The Andover Planning and Zoning Commission will give the public a chance to speak at its Tuesday, Aug. 14 meeting about a proposed Walmart at the former Pov’s Sports Bar site.The meeting starts at 8:01 p.m., which is one hour later than normal, because it is primary election night.
Walmart would like to construct an almost 150,000 square-foot store on the northwest corner of Bunker Lake Boulevard and Jay Street.
According to Community Development Director David Carlberg, the facility would include a full grocery area, a separate liquor store within the building and an outside area for a temporary greenhouse during the warmer months.
The Aug. 14 meeting will be public hearings on the preliminary plat, the proposed liquor store and the outdoor temporary seasonal sales and storage area, according to Carlberg.
The commission could act and forward this to the Andover City Council for its Aug. 21 meeting or the commission could table action until a future meeting.
A group of Andover residents calling itself Andover for Smart Growth has raised numerous concerns pertaining to traffic, pollution and impact on the environment impact and surrounding residential neighborhoods and businesses.
“We know somebody inevitably will go in there, but what is the best fit,” said Laurie Mount, one of the Andover for Smart Growth group leaders.
The group tried to get Walmart to complete an environmental assessment worksheet, but the council in early June determined that the normal review process by the city and agencies such as the Coon Creek Watershed District and the Anoka County Highway Department would address the residents’ concerns.
These two government entities have reviewed Walmart’s proposal over the past few months and come up with preliminary concepts that the city council must also approve, according to Carlberg.
The Anoka County Union randomly asked several residents over the past couple of months what they thought about Walmart coming into Andover and there were mixed opinions.
Jason Brisbin and Bernard Blake do not understand why it is needed when there is a Walmart in Coon Rapids in the area of Round Lake Boulevard and Highway 10. Blake was concerned that the new Andover Walmart could lead to the Coon Rapids Walmart closing, which means another building vacancy.
“We don’t need a Walmart across from Target like we don’t need a CVS across from Walgreens,” Blake said.
Angie Quistad said it does not make sense to have Walmart be right across the road from Target.
On the other hand, there are people who are interested in seeing a Walmart open in Andover. While some opponents have stated concerns about Walmart hurting Target and Festival Foods, Tammy Lund likes the increased competition and she does not feel Target sells enough groceries.
P. Schert, who asked that her first name not be used, typically shops at Walmart near where she works. She would like a Walmart closer to home and would shop for groceries there.
Lorrie Harder, a Ham Lake resident, is OK with the proposed Walmart in Andover because she likes shopping at Walmart, but did question the number of Walmarts being developed. She is aware of another Walmart being proposed on the former Rice Creek Gardens property in Blaine in the area of Highway 65 and 117th Avenue. In addition, Walmart is looking at another Blaine store just off I-35W and Lexington Avenue.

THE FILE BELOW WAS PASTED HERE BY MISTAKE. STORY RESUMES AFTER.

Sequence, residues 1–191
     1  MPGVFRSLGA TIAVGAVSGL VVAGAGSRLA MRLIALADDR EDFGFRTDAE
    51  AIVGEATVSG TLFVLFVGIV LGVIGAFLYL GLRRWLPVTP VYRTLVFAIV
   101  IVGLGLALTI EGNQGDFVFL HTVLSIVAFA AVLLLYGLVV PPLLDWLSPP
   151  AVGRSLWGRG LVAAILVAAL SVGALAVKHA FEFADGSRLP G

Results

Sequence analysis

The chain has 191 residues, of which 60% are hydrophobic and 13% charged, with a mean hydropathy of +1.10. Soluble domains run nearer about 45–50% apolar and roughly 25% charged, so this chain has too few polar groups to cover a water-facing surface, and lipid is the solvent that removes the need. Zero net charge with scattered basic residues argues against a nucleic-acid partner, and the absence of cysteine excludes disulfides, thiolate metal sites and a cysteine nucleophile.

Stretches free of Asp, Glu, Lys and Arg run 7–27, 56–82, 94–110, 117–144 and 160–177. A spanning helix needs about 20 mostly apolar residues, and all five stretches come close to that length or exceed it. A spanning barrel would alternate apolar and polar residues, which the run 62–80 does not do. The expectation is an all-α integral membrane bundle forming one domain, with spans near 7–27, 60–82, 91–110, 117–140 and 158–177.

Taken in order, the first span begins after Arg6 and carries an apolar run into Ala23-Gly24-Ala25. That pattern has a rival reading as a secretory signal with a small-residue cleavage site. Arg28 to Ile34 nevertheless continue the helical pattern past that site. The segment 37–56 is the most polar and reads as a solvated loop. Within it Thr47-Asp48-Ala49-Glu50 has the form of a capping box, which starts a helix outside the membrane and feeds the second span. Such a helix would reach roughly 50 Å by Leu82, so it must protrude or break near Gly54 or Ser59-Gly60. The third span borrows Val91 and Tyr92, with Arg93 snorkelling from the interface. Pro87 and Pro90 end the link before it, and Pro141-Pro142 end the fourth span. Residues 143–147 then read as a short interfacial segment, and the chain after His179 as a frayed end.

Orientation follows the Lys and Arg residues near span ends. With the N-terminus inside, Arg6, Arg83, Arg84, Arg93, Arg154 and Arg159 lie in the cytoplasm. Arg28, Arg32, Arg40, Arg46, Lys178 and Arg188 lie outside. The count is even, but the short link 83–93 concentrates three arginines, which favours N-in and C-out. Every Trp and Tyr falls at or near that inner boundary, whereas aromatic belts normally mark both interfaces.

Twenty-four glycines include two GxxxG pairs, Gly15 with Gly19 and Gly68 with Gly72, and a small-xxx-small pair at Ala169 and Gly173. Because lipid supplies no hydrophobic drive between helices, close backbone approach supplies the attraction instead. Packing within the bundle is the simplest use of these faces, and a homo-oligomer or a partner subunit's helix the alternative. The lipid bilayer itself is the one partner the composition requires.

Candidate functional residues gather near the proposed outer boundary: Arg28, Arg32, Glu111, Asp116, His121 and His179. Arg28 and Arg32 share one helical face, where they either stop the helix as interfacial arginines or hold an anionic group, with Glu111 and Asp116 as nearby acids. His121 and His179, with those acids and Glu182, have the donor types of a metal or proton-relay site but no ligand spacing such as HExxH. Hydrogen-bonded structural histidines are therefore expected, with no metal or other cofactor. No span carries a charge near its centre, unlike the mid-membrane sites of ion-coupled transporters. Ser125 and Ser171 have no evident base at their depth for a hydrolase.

“I love Walmart, but it can get saturated,” Harder said.
Reviewing the proposal
Walmart’s proposal has been scrutinized by government officials for over four months. The city of Andover received an official application from the McCombs Frank Roos Associates, Inc. consulting firm on behalf of Walmart March 20.
The site is just under 20 acres and there will be some minor impacts to existing wetland, but no mitigation is needed, according to Carlberg.
The concept traffic plan calls for there to be a three-quarters access at Bunker Lake Boulevard and Martin Street, Carlberg said. The intersection presently goes to the south to Andover Cinema and other businesses, but not to the north. Those wanting to go east on Bunker would still need to go to Jay Street.
Walmart would like an access off Jay Street for customers and a second one for commercial trucks, according to Carlberg. This request would be reviewed by Andover because the city owns Jay Street.
Nathan Munstermann raised a concern at the May 1 council meeting about the overnight parking of campers if this was a 24-hour Walmart.
On reviewing the city code, Carlberg said Walmart could not have a 24-hour store unless it requests a zoning text amendment or the council changes the code on its own. Either action would require another public hearing.
Carlberg recently informed Walmart that the general business district that the site is in does not allow 24-hour stores, but he is not aware what Walmart plans to do.
McDonalds on the corner of Bunker Lake and Round Lake boulevards and the nearby Kwik Trip at the southeast corner of Bunker Lake Boulevard and Jay Street are respectively in shopping center and industrial zoned districts that allow 24-hour stores.
Eric Hagen is at [email protected]